Marco Rubio Wants UN to Have Independent Review of How WHO Responded to Coronavirus

U.S. Sen. Marco Rubio, R-Fla., joined more than 10 other Republican senators last week in sending a letter to the Secretary General of the United Nations (UN) António Guterres requesting that the UN convene an independent panel of experts to conduct a review of the World Health Organization’s (WHO) response to the COVID-19 global pandemic.

The full text of the letter is below.

Your Excellency:

We write to request the United Nations immediately convene an independent panel of experts to conduct a thorough review of the World Health Organization’s (WHO) response to the COVID-19 global pandemic, to include an interim assessment of the WHO’s performance to date and recommendations for short, medium, and long-term course corrections or reforms, as necessary and appropriate.

That the outbreak of COVID-19 began in Wuhan, Hubei Province, People’s Republic of China (PRC) is beyond dispute.  Despite this fact – and despite obligations under the International Health Regulations (IHR) – the Communist Party of China (CCP) went to great lengths to obscure the nature and extent of the threat posed by this novel virus.  According to credible independent sources, CCP authorities, including at the national level, ordered research labs to destroy virus samples, arrested and punished doctors who raised the alarm, disappeared multiple journalists, and silenced its citizens.  There is evidence to suggest that the CCP delayed releasing the genome sequence.  The Chinese government appears to have under-reported cases by failing to include asymptomatic infections in its official counts, misled the international community about transmissibility, and delayed WHO experts access to affected regions for weeks.  This concerted effort ultimately contributed to the international spread of a contagion that has now sickened over 2.7 million people and claimed over 186,000 lives as of April 23, 2020.

The United States and countries around the world depend upon the WHO as a source of reliable, independent, and scientifically-based information about public health challenges. While we recognize that the WHO itself is highly dependent upon the cooperation of its member states to provide such data, the organization does have both the authority and technical capacity to conduct independent analysis and utilize third-party data, particularly in cases where transparency is in doubt.

Despite this authority, the WHO appears to have shown remarkable deference to the Chinese government throughout this pandemic.  It took the Chinese government’s false reporting at face value at the outset, overlooked obvious efforts by the CCP to silence parties with data that conflicted with the official line, advanced the CCP’s false narrative about transmissibility, and praised the CCP’s alleged commitment to transparency, long after evidence of the CCP’s cover-up emerged.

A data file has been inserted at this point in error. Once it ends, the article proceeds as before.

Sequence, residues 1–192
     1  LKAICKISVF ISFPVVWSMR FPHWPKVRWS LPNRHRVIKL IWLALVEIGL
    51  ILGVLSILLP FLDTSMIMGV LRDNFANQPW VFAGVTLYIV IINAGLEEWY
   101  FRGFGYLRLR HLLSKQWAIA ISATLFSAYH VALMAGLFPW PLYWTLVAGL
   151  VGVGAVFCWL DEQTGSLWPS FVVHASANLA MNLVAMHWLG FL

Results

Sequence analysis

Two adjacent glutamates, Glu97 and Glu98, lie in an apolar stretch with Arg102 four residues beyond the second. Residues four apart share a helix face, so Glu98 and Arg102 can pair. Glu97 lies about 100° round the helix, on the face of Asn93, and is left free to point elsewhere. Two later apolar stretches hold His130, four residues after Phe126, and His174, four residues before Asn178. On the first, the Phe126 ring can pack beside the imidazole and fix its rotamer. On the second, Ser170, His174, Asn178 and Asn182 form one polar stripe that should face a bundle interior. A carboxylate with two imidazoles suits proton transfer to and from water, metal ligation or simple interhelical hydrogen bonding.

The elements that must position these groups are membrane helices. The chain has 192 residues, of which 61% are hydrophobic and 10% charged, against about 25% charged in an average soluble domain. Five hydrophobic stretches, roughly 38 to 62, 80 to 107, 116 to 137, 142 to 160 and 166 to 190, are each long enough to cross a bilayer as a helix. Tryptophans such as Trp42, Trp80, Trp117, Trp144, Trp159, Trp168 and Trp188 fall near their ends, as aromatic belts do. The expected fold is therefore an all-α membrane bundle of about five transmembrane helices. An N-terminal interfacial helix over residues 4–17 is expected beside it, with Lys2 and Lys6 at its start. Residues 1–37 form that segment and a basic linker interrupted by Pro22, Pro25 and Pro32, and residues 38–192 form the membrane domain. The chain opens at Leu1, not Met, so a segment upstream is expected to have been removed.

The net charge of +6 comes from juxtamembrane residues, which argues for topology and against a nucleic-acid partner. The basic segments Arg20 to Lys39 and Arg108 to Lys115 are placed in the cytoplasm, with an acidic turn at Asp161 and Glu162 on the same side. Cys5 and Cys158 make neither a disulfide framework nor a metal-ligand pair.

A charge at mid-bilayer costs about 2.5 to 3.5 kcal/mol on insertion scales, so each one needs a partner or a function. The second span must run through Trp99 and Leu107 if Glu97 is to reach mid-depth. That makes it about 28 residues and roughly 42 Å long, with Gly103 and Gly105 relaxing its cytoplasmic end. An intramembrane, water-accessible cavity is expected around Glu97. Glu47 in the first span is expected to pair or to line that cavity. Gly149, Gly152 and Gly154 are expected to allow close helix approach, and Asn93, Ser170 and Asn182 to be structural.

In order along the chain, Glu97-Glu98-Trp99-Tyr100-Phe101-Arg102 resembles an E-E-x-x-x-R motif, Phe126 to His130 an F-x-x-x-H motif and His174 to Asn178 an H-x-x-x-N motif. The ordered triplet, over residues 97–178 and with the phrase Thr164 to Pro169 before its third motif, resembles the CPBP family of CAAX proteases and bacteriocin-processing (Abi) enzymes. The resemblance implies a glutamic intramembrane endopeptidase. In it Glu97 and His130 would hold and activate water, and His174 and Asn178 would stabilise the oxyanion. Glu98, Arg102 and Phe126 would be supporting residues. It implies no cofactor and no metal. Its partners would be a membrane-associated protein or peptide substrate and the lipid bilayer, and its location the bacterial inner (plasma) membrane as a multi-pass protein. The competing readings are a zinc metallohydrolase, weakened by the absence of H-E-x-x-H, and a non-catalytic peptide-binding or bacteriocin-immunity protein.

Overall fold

The United States is the single largest donor to the WHO. We strongly support the work of the WHO’s front-line health workers in the field and do not want the review to impede their important efforts.  We respect the agency’s convening authority, and appreciate its work to enable countries around the globe to coalesce around shared global health challenges and best practices.  Yet, the faith of the American people and the U.S. Congress in the WHO has been deeply shaken.
To restore that faith, we believe it is critically important that an independent panel of experts conduct an immediate, interim assessment of the WHO’s response to this pandemic.  In particular, the expert panel should evaluate the WHO’s interactions with the Chinese government at the outset of the outbreak, up to and following the WHO’s acknowledgement of human-to-human transmission, the declaration of a Public Health Emergency of International Concern, and during and following the WHO mission that traveled to the PRC beginning on February 16, 2020.  Through this analysis, we expect the panel to weigh both the diplomatic and structural challenges that may have negatively impacted the WHO’s performance.

In keeping with past practice, including the Interim Assessment Panel that was convened in 2015 to review the WHO’s response to the Ebola epidemic that plagued West Africa between 2013 and 2016, it is important that this interim assessment be professional, independent, and unbiased. Similarly, we would also expect this panel to provide recommendations for immediate course corrections that would enhance the WHO’s ability to help contain the COVID-19 pandemic, as well as any medium-to-long-term reforms necessary to enable the WHO to more effectively detect, deter, and respond to future infectious disease outbreaks with pandemic potential.

Restoring confidence in the WHO as the premier United Nations global health agency committed to sound, scientifically-based global health principles and practices will require greater transparency, accountability, and reform.  We want the best for the frontline WHO workers, and this means we need to know all of the facts. Given the unprecedented nature of this pandemic, getting this right is now more important than ever.  We look forward to working with you to ensure that this is achieved before the next major global health crisis emerges, and more lives are lost.



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